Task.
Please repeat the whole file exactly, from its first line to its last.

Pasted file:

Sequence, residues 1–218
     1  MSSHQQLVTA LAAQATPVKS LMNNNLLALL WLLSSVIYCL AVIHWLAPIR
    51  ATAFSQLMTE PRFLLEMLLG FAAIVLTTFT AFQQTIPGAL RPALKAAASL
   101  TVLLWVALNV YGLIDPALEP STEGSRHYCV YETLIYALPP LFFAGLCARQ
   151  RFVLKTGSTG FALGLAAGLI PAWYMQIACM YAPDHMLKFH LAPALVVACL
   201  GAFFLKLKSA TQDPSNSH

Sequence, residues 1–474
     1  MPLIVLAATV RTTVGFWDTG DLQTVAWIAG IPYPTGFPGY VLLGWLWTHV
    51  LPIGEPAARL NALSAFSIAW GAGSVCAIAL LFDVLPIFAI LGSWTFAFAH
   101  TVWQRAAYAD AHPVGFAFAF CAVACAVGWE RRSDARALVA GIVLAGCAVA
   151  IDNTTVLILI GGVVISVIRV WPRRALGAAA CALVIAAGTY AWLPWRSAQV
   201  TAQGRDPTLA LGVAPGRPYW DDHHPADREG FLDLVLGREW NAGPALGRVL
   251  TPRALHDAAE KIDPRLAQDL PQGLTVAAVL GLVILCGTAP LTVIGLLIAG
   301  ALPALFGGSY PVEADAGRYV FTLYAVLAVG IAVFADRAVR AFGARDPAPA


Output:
Sequence, residues 1–218
     1  MSSHQQLVTA LAAQATPVKS LMNNNLLALL WLLSSVIYCL AVIHWLAPIR
    51  ATAFSQLMTE PRFLLEMLLG FAAIVLTTFT AFQQTIPGAL RPALKAAASL
   101  TVLLWVALNV YGLIDPALEP STEGSRHYCV YETLIYALPP LFFAGLCARQ
   151  RFVLKTGSTG FALGLAAGLI PAWYMQIACM YAPDHMLKFH LAPALVVACL
   201  GAFFLKLKSA TQDPSNSH

Sequence, residues 1–474
     1  MPLIVLAATV RTTVGFWDTG DLQTVAWIAG IPYPTGFPGY VLLGWLWTHV
    51  LPIGEPAARL NALSAFSIAW GAGSVCAIAL LFDVLPIFAI LGSWTFAFAH
   101  TVWQRAAYAD AHPVGFAFAF CAVACAVGWE RRSDARALVA GIVLAGCAVA
   151  IDNTTVLILI GGVVISVIRV WPRRALGAAA CALVIAAGTY AWLPWRSAQV
   201  TAQGRDPTLA LGVAPGRPYW DDHHPADREG FLDLVLGREW NAGPALGRVL
   251  TPRALHDAAE KIDPRLAQDL PQGLTVAAVL GLVILCGTAP LTVIGLLIAG
   301  ALPALFGGSY PVEADAGRYV FTLYAVLAVG IAVFADRAVR AFGARDPAPA